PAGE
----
Thank you. My musical background – I grew up listening to 80s pop, my first ever record was Depeche Mode ‘Greatest Hits’ when I started clubbing at 15 I loved Marusha, she signed my hand and I didn’t wash it for 2 days. But the inspiration for this album came from a 9 day period of self imposed exile where I lost my mind listening to some pretty obscure artists including the likes of Ron Geesin, Mark Shreeve and Trevor Wishart.
You draw on rich source of music for samples. Could you explain the process involved in producing Tomorrow for example?
It’s true, I have a massive vinyl and cd collection from which I source my samples. I created ‘Tomorrow’ using 30 different songs. I started with the groove, I always do. If I think a beat is catchy enough then I’ll add the bassline. In this case the bassline was sourced from a 60s soul track. The ‘you got the time’ sample I found on an old hip-hop scratching vinyl from the early 90s. It was such a nice surprise that so many samples worked well with the beat so ‘Tomorrow’ was a real pleasure to arrange, kind of like doing a really fun jigsaw puzzle when you’ve got the corners and the boarders in already place.
Do you have any particular favourite pieces of hardware/ software that you like to use?
Bass Station Novation and Moog Modular. I really like the warm analog-basslines.
How did you first get into Dj’ing? Which DJ’s initially influenced you?
I started dj’ing, as most people do, at friends house parties. I was also the high school Dj and played every day in the school breaks. It was pretty fun playing with 2 tape decks and no pitch-fader. It’s hard to imagine today Dj’s having to put tracks together without a pitch or sync button. Initially my influences were the old Dj heroes from the 90ies like Jeff Mills, Joey Beltram, CJ Bolland, Westbam, Thomas P. Heckmann & Hardfoor.
Where are you Dj’ing now?
[places like Watergate, Sisyphos, Suicide Circus in Berlin are regular spots]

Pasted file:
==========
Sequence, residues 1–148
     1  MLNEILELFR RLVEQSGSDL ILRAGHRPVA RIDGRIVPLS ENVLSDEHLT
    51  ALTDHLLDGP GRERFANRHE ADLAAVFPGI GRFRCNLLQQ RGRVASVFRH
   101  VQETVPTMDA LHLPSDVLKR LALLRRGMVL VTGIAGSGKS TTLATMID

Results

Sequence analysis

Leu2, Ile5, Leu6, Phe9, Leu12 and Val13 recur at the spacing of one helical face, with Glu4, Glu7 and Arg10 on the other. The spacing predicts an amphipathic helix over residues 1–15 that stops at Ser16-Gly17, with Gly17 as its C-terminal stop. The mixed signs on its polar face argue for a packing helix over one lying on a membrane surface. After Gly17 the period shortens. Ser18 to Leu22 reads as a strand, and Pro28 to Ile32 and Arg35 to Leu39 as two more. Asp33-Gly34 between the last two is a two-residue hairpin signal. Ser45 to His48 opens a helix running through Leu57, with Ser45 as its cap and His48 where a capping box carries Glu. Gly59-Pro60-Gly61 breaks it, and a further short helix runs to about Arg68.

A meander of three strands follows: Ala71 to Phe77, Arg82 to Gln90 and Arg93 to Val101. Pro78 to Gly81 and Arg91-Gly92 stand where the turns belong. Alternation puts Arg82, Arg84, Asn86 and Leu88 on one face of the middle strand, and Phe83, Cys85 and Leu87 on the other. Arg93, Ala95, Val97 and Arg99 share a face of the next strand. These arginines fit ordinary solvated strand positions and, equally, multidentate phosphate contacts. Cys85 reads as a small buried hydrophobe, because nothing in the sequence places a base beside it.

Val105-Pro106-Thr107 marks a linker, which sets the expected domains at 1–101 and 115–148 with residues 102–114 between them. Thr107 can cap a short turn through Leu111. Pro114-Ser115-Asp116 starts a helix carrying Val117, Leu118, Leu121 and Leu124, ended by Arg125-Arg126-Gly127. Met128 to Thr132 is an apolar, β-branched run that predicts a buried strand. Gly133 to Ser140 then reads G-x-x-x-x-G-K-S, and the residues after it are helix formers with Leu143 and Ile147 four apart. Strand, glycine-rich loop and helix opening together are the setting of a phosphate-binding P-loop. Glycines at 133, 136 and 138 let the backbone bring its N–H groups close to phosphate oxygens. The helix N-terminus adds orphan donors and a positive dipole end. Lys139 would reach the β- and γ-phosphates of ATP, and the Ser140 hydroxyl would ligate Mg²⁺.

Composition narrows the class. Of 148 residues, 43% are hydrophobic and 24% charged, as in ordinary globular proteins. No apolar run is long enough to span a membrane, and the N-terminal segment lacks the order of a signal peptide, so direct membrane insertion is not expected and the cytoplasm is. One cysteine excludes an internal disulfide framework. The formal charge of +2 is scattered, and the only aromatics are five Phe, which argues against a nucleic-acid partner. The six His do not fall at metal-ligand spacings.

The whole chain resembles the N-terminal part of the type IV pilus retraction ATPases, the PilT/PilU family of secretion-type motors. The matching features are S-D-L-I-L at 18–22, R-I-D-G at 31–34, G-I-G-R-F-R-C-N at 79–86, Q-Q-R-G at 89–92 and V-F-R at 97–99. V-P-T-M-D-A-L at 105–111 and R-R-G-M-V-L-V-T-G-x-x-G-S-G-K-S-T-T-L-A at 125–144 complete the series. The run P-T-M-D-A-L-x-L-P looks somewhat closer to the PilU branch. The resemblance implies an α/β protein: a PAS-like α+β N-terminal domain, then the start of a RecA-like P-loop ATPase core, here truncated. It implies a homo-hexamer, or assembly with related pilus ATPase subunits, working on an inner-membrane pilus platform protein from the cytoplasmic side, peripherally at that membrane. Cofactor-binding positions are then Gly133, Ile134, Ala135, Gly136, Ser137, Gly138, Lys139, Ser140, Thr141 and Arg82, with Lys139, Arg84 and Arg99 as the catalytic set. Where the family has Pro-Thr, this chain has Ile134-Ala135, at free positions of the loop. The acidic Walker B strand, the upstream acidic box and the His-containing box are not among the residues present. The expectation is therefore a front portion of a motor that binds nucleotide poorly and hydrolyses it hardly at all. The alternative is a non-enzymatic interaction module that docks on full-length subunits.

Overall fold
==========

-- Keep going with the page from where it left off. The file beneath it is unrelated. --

How would you describe the scene in Berlin at the moment? Which are favourite bars/ clubs?
The crowd in the clubs has definitely changed in Berlin. There are less regulars and far more tourists, and to accommodate this the number of parties has tripled in recent years. If you want there is a party to go to 24 hours a day 7 days a week, it’s techno heaven. My favourite clubs at the moment are Salon De Wilde Renate & Sisyphos but it’s always changing, which means you can never be bored!
Your album is such a refreshing change as it isn’t afraid to think outside of the box. How important is that to you?
Again thank you. The most important thing for me is to make music that I love that will stand the test of time rather than following trends or whatever is in fashion.
I started the label with my best mate Nils Ohrmann in 2011. We established the label in order to release music we love unbeholden to the demands of other labels and their A&R Managers etc. What a dream. Following the release of my album ‘Treptow’ there will be a remix album showcasing the best tracks remixed by producers we admire, stay tuned!
â€˜Treptow’ is out on Arms & Legs now
Follow Daniel Steinberg:
Buy Treptow: http://www.beatport.com/release/treptow/1056250
Treptow reviewed at Magazine Sixty http://www.magazinesixty.com/?p=850